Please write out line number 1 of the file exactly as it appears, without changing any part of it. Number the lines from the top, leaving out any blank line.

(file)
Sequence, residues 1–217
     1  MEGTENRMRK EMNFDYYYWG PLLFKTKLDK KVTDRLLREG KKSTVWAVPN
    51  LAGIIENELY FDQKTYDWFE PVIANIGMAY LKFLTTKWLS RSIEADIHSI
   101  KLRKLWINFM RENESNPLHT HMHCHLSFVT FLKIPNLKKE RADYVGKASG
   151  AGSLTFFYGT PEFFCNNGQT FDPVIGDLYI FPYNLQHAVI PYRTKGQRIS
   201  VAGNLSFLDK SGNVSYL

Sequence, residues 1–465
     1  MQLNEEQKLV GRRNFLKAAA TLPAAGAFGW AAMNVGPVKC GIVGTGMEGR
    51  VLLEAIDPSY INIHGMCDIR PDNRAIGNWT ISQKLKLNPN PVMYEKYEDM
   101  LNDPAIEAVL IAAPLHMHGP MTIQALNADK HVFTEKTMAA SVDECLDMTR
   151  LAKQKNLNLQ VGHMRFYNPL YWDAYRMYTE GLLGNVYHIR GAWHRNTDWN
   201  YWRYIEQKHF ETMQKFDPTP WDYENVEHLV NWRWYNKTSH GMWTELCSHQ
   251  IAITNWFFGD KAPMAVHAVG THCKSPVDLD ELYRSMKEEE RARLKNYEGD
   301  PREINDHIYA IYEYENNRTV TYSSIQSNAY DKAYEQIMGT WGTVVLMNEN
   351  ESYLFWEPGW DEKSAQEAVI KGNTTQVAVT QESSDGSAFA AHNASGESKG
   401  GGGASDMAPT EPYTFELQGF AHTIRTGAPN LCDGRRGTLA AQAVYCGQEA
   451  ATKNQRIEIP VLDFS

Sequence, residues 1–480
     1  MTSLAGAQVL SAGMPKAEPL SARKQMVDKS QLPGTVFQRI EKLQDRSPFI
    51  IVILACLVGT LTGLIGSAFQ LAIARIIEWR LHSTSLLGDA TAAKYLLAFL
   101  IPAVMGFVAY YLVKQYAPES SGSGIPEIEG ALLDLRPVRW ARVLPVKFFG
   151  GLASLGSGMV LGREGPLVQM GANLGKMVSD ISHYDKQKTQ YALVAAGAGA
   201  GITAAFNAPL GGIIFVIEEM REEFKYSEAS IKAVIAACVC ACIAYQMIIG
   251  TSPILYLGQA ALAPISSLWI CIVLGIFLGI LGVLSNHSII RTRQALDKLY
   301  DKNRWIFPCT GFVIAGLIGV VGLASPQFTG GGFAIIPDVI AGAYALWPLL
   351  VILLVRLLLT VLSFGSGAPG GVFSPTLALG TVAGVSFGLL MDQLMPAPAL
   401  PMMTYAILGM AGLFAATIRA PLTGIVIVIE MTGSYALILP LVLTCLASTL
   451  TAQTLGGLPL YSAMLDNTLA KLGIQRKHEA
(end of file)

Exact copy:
Sequence, residues 1–217